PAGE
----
Global LNG imports rose by 0.69 Mt y/y to 22.4 Mt in April, driven by continued strength in Chinese demand as well as higher South Korean imports owing to another month of record-high nuclear outages. Indian receipts also increased on higher thermal power generation as low reservoir levels limited hydro generation. In Japan, recent nuclear restarts curbed power sector gas burn which weighed on LNG imports, while the ramp up of domestic production and higher renewable generation curtailed Latin America’s LNG needs. Middle East and North Africa imports also slowed in April, mainly because of rising Egyptian domestic production. For the whole of 2018 we forecast global LNG imports will expand by 26 Mt y/y to 315.6 Mt.
Chinese LNG imports rose by a hefty 1.22 Mt (56%) y/y to 3.39 Mt, another month of strong growth. Demand strength is the result of slowing domestic production growth and high storage injections. If domestic production continues to fall short of expectations, the call on LNG imports will continue to rise, with full-year 2018 imports on course to be up by 13.4 Mt y/y to 51.9 Mt.
South Korean LNG imports increased by 0.85 Mt (37%) y/y to 3.17 Mt in April owing to ongoing record-high nuclear outages (+5 GW y/y) supporting power sector gas burn. In late May, the energy ministry announced measures to reduce coal-fired dust, creating a generation gap that will need to be filled with gas (see E-mail alert: Korea promises air quality restrictions on coal, bolstering LNG demand, 29 May 2018). We have revised up our South Korean demand expectations and for the 2018, we now expect a 2.0 Mt y/y increase in LNG imports to 39.6 Mt.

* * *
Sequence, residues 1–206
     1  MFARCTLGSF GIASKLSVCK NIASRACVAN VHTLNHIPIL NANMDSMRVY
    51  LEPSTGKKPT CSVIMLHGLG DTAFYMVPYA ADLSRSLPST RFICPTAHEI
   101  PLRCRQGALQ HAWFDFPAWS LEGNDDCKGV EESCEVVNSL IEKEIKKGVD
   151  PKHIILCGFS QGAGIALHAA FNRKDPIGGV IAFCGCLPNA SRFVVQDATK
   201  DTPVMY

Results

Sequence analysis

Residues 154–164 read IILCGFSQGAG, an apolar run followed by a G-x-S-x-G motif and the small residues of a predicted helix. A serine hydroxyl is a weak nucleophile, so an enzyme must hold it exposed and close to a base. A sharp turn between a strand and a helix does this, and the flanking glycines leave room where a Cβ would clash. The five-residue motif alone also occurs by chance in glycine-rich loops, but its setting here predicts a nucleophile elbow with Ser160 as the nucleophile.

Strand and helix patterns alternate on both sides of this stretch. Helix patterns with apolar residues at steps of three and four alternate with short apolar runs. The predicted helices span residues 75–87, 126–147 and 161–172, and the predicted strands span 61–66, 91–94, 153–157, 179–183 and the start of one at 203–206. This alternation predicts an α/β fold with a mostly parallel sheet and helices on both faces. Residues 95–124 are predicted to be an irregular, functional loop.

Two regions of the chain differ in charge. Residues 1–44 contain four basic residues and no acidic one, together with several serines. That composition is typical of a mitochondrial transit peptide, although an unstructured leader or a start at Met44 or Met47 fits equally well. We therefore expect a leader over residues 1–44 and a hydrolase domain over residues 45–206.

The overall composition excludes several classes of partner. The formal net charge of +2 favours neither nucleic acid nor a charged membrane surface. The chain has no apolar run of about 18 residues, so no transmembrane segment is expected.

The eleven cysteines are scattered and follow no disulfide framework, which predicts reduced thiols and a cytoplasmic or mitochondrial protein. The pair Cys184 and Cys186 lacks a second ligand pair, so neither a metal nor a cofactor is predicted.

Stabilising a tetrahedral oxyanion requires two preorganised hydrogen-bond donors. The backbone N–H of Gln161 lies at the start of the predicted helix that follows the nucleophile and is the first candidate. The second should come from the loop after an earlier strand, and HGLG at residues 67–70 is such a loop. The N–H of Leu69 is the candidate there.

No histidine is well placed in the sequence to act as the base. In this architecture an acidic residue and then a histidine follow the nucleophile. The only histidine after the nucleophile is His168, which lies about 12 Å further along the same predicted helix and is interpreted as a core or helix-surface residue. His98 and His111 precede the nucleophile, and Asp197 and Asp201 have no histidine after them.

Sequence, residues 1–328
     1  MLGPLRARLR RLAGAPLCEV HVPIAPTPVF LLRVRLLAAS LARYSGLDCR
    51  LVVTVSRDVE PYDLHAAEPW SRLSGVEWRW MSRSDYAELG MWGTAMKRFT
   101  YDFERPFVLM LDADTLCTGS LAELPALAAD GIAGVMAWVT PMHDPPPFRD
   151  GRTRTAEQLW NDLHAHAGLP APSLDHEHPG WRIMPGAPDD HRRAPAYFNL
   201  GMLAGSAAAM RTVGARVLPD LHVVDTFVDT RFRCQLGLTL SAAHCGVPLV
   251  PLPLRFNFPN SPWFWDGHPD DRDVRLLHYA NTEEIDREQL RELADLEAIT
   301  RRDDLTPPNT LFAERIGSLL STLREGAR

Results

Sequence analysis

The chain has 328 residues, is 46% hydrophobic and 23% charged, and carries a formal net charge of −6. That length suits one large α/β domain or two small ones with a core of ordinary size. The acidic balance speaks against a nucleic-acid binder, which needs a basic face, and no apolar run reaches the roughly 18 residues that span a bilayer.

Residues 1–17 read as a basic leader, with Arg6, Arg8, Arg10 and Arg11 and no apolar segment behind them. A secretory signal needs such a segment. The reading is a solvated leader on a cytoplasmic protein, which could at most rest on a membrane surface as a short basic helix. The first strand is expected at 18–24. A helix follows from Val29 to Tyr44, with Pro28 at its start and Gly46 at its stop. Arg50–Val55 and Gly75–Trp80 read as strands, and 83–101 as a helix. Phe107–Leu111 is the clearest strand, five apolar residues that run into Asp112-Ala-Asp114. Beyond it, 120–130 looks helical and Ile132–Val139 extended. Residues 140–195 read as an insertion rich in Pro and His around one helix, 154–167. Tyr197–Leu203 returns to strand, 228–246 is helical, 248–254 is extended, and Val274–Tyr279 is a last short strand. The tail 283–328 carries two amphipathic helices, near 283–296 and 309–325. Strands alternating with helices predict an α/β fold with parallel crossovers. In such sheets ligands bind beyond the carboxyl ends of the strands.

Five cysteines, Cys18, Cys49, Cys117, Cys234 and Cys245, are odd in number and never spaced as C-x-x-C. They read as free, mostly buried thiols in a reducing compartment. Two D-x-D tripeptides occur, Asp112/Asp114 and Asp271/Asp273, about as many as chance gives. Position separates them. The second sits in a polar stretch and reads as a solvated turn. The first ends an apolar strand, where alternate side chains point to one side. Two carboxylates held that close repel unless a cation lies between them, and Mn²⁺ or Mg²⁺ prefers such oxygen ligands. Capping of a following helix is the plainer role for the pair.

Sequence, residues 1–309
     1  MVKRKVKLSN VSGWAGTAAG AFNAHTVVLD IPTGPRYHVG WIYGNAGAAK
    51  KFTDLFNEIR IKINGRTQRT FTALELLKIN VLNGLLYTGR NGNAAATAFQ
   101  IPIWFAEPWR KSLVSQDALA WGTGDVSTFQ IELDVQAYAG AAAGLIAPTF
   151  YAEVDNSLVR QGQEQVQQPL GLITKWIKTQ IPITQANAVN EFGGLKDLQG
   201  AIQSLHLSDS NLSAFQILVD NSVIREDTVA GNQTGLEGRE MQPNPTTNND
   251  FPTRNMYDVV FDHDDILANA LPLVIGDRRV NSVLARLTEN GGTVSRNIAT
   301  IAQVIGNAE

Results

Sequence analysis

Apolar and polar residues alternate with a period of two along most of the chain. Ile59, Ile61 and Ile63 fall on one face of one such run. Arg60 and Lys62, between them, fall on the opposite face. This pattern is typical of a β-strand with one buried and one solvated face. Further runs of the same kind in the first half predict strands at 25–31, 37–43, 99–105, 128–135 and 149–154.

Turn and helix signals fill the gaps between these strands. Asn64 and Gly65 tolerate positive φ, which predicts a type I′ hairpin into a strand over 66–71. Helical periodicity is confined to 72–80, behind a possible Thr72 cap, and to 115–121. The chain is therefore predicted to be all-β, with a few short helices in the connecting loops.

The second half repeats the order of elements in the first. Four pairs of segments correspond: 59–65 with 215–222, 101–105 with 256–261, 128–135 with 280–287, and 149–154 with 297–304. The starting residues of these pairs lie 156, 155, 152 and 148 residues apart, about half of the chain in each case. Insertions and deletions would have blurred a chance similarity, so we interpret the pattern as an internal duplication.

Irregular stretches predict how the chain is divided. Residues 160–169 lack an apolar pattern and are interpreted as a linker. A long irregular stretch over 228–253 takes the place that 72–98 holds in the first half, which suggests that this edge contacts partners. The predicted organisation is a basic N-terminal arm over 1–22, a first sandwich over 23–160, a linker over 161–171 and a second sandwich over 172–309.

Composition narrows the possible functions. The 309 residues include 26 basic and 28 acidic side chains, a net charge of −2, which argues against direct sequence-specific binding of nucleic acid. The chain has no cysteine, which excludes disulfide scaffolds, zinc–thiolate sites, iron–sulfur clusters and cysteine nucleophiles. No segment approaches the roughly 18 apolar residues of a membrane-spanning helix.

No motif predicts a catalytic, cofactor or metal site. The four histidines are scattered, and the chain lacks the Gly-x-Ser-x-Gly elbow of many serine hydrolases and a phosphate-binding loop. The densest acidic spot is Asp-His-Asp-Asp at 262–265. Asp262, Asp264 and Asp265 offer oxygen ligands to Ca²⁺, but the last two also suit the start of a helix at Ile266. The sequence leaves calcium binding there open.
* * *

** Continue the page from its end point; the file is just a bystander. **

India imported 1.72 Mt in April, up y/y by 0.07 Mt despite higher domestic gas output. Low reservoir levels continued to curb hydroelectric generation, boosting thermal generation. New Indian LNG import projects are advancing, but unfinished downstream infrastructure at the 5 Mtpa Mundra terminal poses headwinds to import growth. As such, demand growth this year is likely to come from new gas supply contracts at existing terminals and rising power sector gas demand. We expect India to add 2.6 Mt of incremental LNG imports in 2018 to 21.8 Mt.
Japanese LNG imports in April fell by 1 Mt (15%) y/y to 5.6 Mt as mild weather curbed power consumption and the restart of several nuclear plants continued to cut gas-fired generation. We expect the return of the 1.2 GW Ohi Unit 4 to limit gas-fired generation further, providing little support for LNG imports. We forecast Japan will import 81.9 Mt in 2018 (-1.75 Mt y/y).
Countries in the Middle East and North Africa imported just 0.56 Mt of LNG in April (-0.75 Mt y/y). Demand from all main buyers underperformed versus expectations, which poses downside risks to our forecast that the region will import 12.5 Mt (-3.9 Mt y/y) over 2018.
Latin American LNG imports fell by 0.5 Mt y/y to 1.1 Mt in April. Increasing renewable generation in the region and domestic gas production growth in Brazil and Argentina is set to dampen any potential LNG demand increases through 2018. Projected increases in Mexican LNG imports due to ongoing domestic pipeline infrastructure delays are set to be offset with declines elsewhere in the region. We peg Latin American LNG imports at 16.1 Mt (-0.3 Mt y/y) in 2018.